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Dear Carolyn: “Adapting to adaptations?”

10 Mar

by Carolyn Thomas  @HeartSisters  March 10, 2019

People living with chronic illness often discover that they must adapt to changes in what occupational therapists like to call our activities of daily living (ADLs).  The basic ADLs typically include eating, bathing, dressing, grooming, toileting, and moving around independently (e.g. getting up off that couch). Even smaller changes occur: for example, I now wear a medical I.D. on my wrist all day. I never leave home without my nitro spray for chronic angina. I count out all my cardiac meds for the week in labeled pill organizers. These represent a few of the many adaptations I’ve learned to make since my cardiac diagnosis.
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Today, in this Dear Carolyn episode (our eighth in the occasional series featuring Heart Sisters readers sharing the experiences of becoming a heart patient), we’ll attempt to address a related reader question about adapting.

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Why “Call me if you need help…” is not helpful

3 Mar

by Carolyn Thomas  @HeartSisters   March 3, 2019

Immediately after my heart attack, I appreciated kind-hearted friends and family who said: “Just call me if there’s anything at all that I can do for you!”

But as well-meaning as those offers were, I knew deep down in my heart of hearts that I was NOT likely to call them to ask about certain things I needed help with, like:

“Can you please come over and change the kitty litter?” 

As those who don’t like asking others for help can attest, that request was just never going to happen.   Continue reading

The heart patient’s not the only one in the room

17 Feb

by Carolyn Thomas    @HeartSisters    February 17, 2019

 

Leslie Pitt is a marriage and family therapist whose husband Graham suffered a terrifying sudden cardiac arrest in his sleep while on vacation in Hilton Head Island, North Carolina. In this short and compelling video, she talks about the care they each received from 9-1-1 dispatchers and Fire Rescue personnel – care that not only saved Graham’s life, but significantly reduced her own post-traumatic stress.  Continue reading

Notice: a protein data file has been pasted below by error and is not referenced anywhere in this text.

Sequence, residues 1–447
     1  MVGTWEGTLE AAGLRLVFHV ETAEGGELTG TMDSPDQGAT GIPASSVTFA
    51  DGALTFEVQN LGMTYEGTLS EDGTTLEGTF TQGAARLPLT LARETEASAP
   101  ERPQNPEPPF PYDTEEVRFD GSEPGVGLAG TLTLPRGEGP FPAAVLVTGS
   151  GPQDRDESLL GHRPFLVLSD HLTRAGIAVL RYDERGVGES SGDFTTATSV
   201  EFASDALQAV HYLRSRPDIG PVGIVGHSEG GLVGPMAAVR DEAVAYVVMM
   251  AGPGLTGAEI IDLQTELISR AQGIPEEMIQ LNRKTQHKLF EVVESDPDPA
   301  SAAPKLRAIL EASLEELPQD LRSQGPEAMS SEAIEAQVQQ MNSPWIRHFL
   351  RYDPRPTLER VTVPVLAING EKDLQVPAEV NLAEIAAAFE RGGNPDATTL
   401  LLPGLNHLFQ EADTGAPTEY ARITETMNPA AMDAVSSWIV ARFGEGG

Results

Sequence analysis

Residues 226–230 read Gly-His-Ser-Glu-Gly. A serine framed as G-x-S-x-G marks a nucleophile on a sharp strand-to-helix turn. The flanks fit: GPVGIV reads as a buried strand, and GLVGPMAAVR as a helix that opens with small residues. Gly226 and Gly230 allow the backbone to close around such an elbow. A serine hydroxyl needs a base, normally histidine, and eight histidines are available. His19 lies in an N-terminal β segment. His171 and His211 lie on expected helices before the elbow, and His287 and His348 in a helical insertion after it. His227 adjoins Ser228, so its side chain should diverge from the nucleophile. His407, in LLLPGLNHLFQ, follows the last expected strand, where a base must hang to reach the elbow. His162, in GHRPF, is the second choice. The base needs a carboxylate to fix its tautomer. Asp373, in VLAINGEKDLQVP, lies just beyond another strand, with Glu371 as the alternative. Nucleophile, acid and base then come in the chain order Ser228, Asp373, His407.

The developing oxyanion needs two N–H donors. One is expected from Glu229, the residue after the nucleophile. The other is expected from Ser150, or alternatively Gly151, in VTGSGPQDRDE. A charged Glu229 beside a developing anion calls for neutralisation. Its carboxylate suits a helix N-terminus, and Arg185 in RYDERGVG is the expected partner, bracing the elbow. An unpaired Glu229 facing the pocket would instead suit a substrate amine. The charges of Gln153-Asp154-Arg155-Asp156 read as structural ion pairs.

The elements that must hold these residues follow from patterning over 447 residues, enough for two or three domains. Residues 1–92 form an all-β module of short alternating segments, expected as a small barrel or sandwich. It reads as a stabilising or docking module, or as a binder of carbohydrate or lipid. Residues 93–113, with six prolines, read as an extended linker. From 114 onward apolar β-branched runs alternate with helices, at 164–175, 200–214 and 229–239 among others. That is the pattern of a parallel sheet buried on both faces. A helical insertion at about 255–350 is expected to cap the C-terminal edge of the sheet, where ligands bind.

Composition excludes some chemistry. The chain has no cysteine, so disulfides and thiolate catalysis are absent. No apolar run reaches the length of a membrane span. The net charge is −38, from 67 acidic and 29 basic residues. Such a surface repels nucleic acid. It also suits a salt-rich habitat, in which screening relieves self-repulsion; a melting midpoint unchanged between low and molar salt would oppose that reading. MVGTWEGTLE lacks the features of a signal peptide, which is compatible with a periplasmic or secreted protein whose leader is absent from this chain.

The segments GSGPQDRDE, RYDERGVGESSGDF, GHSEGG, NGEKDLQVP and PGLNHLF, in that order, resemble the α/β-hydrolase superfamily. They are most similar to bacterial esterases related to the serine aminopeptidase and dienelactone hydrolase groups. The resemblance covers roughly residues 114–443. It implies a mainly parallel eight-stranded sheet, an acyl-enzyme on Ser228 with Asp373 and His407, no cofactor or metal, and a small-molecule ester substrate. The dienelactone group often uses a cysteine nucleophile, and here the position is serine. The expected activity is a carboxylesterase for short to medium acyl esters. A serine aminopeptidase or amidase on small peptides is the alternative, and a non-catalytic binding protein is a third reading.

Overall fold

Recuperation and a red leather chair

10 Feb

by Carolyn Thomas    @HeartSisters    February 10, 2019

I absolutely loved the questions that Nancy Stordahl recently posed to her Nancy’s Point blog readers:

“Do you associate certain things with certain events in your life? Is there something that always takes you back to that time or place – a piece of clothing, an item of food, a scent or smell, a vehicle or even a piece of furniture? What is a trigger that reminds you of your diagnosis, treatment, or ‘that time’?”

Nancy went on to tell a touching story of getting rid of her much-loved blue leather sofa and matching chair, and the association of those items with her breast cancer diagnosis and recuperation, among many other important family events, both happy and awful, over many years. Inspired by her nostalgic recall of such associations, I answered her questions by describing a piece of furniture in my own home that still reminds me of what it was like when I first became a patient.   Continue reading

Drawing a picture of your diagnosis

27 Jan

 

Part of my latest mandala (a work in progress)

by Carolyn Thomas   @HeartSisters    January 27, 2019

The late Madeleine Shields was a gifted artist and teacher here on the west coast of Canada. But more importantly to me, she was MY teacher. Her artistic expression of choice was the mandala, a Sanskrit word for “circle”. The mandala practice of Madeleine Shields was not what you might see in adult colouring books or on painted rocks at craft fairs. Hers was based on an ancient spiritual and meditative practice that she compared to “painting a mirror”. I can sometimes still hear her distinctive voice in my ear asking pointedly, “Did you do it well, or did you do it fast?”

A recent study supports what Madeleine had already figured out 20 years before her death, that art can intuitively reflect our deepest emotions in a surprisingly accurate fashion – and that’s especially true when we become patients. Continue reading